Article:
Will California’s historic budget surplus mean the drought-ridden state will finally see the flow of dollars to water projects?
That’s the goal of a new bill being tendered by Sens. Andreas Borgeas (R–Fresno) and Jim Nielsen (R–Red Bluff).
The pair of Republican lawmakers rolled out Senate Bill 890 on Tuesday, seeks to create a Water Storage and Conveyance Fund, an eight-year funding vehicle to help fund badly-needed water projects beyond
In the bill, the authors note that California’s last water bond, 2014’s Proposition 1, has yet to yield a single complete water storage or conveyance project. This comes in the face of California’s Water Commission having allocated $2.7 billion for water storage alone along with appropriating the remaining of bond proceeds to other state-level water initiatives.
As it stands today, the Golden State sits on a $12 billion budget surplus.
In total, the Borgeas-Nielsen water bill seeks to allocate $2.6 billion toward the completion of Sites Reservoir, the state’s largest long-range dam project in decades.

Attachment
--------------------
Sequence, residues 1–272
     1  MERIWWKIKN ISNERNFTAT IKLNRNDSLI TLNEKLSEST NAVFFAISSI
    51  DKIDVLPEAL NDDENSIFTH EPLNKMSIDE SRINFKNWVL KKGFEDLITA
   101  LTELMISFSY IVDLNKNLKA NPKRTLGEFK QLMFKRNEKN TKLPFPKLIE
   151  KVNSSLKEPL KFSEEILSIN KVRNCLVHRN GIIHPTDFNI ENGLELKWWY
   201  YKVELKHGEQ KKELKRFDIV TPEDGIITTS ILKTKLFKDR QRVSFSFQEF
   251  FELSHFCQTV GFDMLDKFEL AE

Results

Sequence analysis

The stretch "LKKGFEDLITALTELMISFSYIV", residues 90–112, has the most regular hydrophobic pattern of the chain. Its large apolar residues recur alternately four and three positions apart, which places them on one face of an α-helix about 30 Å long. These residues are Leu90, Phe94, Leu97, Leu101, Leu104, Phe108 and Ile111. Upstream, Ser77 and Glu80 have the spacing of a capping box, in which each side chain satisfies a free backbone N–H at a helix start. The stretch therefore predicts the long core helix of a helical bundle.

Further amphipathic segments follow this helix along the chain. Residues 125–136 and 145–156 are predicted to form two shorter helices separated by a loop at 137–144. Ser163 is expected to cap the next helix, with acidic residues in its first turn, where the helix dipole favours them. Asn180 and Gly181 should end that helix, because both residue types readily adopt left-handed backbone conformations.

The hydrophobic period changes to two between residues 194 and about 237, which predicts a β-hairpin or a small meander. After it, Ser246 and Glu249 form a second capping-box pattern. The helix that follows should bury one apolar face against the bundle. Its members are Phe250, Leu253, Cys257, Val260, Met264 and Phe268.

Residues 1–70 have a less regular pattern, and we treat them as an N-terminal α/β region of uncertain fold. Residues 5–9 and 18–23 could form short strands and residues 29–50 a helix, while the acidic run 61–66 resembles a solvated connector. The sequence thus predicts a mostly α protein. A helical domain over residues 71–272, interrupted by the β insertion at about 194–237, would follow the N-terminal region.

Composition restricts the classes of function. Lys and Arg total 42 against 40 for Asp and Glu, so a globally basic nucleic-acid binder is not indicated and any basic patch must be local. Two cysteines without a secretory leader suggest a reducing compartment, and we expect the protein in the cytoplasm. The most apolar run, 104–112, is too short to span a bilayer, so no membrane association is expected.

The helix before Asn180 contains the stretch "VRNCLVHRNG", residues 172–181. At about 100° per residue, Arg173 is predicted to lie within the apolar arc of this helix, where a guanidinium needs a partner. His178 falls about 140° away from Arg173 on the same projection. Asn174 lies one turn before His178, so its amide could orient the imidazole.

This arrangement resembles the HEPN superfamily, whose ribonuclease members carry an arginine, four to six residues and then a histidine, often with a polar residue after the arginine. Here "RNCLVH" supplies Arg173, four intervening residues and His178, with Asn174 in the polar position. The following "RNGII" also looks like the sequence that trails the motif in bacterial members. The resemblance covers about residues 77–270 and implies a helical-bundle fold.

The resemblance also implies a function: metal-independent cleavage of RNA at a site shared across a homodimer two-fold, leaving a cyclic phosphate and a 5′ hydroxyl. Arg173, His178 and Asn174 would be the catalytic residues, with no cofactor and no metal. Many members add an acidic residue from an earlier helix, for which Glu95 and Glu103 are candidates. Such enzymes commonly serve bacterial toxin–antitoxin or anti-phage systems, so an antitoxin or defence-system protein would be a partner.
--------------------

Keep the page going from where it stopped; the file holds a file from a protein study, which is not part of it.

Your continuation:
Beyond the hefty price tag to launch Sites Dam, the bill would allocate $230 million in grant funds for the Friant Water Authority to restore capacity on the Friant-Kern Canal.
Last week, Friant water officials officially launched their project to restore capacity on the 33-mile middle reach of the canal in Tulare County.
The bill contains a second grant of $140 million to the San Luis and Delta-Mendota Water Authority for capacity increases on the Delta-Mendota Canal.
It also includes appropriations in the amount of $145 million to increase capacity on the San Luis Field division of the California Aqueduct, and $70 million to increase conveyance capacity for the San Joaquin division of the Aqueduct.
“Over the past 40 years, California has not completed a major water storage project of statewide significance despite the state’s population nearly doubling,” the Republican lawmakers wrote in an Op-Ed for CalMatters on Tuesday.
“Without substantial new investments and commitments to capture, store and move water throughout the state, whole communities will be subject to water scarcity and farmers will be unable to produce adequate food supplies, threatening food and national security.”